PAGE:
Fuck it, I’m going.

I came back down the ridge and got my gear together. The ranger saw me and came back over. “Change your mind?”
“Yeah, I’m going for it. I won’t forgive myself if I don’t. How far is it to Eielson?”
“About 13 miles. But you’ll see a better view before that at Stony Hill.”
“That’s doable. I think I can manage it if it’s just one more climb.”
“Yeah, you got a few hours rest, so that should help. Good luck!”

I said thanks, and got started on my climb towards Highway Pass, the highest point on the park road.

The road quickly ascended away from the tree line and into a narrow valley of tundra, and there was nothing easy about it. But I got my morale back, and with some rest, the last bit of strength I needed to climb through the barren, alpine country returned. Trees gave way to grass, grass gave way to dirt, and dirt gave way to rock. I pushed upward for 45 minutes, shedding layers and stopping at different times for water and energy bars. Up ahead, the snow capped ridge of Denali’s north summit appeared slowly at the top of the pass. THERE IT IS!!!! BY THE GODS!!!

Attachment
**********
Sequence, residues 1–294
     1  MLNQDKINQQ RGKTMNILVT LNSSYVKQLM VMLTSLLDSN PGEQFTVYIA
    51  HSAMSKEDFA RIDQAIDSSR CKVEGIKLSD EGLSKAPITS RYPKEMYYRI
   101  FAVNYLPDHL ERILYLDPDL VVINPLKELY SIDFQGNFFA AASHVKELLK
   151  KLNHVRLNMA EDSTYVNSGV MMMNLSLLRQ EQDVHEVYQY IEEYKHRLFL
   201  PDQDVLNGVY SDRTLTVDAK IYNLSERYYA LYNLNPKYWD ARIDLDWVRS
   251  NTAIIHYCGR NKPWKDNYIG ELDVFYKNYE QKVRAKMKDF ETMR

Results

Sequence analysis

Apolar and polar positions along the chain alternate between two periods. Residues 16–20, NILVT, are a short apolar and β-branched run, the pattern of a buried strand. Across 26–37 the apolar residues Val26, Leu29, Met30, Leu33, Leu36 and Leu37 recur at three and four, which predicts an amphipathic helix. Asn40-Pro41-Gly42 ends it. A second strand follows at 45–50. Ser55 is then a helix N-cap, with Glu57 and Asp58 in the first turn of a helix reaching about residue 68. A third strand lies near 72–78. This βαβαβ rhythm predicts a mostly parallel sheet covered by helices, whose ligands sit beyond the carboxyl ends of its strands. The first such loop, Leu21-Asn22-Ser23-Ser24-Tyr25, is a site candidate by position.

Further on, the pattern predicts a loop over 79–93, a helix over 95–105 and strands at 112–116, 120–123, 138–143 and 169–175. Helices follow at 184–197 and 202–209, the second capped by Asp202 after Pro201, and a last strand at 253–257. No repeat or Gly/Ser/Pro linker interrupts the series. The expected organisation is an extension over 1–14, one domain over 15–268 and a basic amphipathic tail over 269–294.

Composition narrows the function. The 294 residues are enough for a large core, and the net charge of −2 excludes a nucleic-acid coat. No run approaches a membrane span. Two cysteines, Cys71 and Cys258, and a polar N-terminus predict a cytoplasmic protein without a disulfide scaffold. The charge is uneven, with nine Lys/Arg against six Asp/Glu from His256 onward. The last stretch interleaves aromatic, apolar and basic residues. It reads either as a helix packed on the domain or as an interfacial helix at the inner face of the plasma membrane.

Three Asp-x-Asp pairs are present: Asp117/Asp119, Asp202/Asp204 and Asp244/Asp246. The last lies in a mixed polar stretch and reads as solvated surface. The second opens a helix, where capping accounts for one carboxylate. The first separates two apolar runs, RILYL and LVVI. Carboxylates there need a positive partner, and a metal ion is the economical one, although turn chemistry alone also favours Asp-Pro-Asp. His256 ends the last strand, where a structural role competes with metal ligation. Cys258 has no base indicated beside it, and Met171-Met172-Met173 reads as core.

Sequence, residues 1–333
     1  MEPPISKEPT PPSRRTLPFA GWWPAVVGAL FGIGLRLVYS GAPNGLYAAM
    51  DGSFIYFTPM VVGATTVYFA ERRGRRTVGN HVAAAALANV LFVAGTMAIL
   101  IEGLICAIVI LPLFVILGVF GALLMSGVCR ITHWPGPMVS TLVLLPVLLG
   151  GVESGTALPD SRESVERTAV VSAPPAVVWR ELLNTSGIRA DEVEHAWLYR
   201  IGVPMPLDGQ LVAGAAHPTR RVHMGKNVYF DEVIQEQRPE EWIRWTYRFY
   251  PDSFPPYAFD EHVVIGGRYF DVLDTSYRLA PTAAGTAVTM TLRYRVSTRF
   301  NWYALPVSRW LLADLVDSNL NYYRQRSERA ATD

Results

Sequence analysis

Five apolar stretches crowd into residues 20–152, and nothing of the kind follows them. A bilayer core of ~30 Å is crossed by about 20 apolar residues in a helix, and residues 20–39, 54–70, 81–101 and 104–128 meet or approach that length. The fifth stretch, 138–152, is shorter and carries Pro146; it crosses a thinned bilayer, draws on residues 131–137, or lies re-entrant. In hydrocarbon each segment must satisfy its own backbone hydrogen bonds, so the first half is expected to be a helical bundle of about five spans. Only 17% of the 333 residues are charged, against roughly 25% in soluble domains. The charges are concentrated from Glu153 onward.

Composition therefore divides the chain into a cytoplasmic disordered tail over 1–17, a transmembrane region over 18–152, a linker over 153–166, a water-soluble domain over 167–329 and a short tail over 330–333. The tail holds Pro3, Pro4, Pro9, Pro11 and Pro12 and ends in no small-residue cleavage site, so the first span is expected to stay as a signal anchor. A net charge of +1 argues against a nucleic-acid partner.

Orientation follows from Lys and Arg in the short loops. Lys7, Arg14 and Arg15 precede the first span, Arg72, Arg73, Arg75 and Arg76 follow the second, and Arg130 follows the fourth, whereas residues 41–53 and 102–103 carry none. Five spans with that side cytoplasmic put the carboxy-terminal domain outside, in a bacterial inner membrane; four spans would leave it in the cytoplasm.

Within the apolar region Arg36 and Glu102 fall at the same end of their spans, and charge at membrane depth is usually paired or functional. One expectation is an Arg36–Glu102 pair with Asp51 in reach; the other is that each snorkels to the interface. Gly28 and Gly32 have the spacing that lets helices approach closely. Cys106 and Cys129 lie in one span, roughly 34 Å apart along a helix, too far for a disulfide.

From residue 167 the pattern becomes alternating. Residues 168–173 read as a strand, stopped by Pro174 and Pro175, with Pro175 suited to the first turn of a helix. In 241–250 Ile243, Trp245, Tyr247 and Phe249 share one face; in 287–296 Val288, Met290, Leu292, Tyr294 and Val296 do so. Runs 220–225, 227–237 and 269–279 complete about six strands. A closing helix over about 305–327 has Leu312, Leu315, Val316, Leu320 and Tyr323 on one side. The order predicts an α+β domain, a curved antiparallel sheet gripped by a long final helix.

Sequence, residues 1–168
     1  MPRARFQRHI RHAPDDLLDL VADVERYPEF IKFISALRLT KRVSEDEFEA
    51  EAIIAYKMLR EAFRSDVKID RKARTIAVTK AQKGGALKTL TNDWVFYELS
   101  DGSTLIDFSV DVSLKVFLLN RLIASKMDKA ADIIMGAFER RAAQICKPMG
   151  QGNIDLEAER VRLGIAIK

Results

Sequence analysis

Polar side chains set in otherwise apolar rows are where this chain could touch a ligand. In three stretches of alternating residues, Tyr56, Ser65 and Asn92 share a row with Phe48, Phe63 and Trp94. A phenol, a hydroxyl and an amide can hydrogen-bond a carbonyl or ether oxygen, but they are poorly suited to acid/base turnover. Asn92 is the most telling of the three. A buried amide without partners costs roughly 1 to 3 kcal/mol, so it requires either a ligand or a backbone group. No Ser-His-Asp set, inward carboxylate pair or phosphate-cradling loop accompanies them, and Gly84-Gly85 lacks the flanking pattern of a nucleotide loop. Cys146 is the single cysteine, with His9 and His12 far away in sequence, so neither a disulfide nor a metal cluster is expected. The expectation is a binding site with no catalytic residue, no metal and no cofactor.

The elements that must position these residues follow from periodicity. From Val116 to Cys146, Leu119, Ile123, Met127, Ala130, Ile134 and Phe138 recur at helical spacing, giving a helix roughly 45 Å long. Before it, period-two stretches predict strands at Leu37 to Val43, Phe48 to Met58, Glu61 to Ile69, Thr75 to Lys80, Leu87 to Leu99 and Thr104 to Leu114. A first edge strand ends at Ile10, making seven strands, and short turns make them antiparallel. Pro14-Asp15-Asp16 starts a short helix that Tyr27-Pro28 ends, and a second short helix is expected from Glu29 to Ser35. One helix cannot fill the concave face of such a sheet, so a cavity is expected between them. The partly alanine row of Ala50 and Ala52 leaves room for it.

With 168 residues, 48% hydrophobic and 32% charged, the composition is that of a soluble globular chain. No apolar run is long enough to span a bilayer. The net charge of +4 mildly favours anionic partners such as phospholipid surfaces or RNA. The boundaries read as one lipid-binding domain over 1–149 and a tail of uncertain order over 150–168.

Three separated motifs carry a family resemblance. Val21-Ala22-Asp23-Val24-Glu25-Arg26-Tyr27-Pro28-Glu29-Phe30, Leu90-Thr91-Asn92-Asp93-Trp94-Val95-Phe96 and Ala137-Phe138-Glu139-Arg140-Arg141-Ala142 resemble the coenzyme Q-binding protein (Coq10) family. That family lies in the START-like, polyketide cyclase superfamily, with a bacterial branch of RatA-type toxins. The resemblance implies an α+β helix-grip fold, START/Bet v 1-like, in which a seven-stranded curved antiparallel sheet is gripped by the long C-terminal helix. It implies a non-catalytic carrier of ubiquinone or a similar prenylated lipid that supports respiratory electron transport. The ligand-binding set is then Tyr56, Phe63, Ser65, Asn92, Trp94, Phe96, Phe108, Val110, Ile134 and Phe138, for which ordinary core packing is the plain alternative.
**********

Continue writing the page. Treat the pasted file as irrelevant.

More excited and delirious than ever, I crested Highway Pass, crossed a small stream and climbed a few hundred feet to Stony Hill Overlook, the first spot on the road where you can see the whole mountain. There it was, the face of Mount McKinley, the tallest mountain in North America, standing higher than anything I have ever seen. I had no idea that anything could be that huge and that magnificent.

WHAT!!! THE!!! FUCK!!!!!!!! I was out of my mind with exhaustion, hunger, caffeine deprivation, maybe some mild altitude illness. None of that mattered. As soon as I saw it, I knew it was worth every second of pain and suffering I had endured to get out there, at the end of the hardest and most backbreaking bike ride of my life. Whatever. I was there. The rest of the park was still waking up, but I was there, high up on Stony Hill, looking at a vista that would stay with me for the rest of my life, certain that nowhere else in our continent can any range of mountains rival that of Denali and her sisters in sheer size and majesty.

I finally calmed down and kept going. I had four miles left. I descended Stony Hill and went over Thorofare Pass, the last climb of the trip, and easily a short one. Down the gorge to my left, a family of caribou ran along the glacial headwaters of the Thorofare River, a tributary of the larger and more powerful McKinley, which flows westward across the valley ahead for 15 miles before turning northwest into the forested plains and beyond.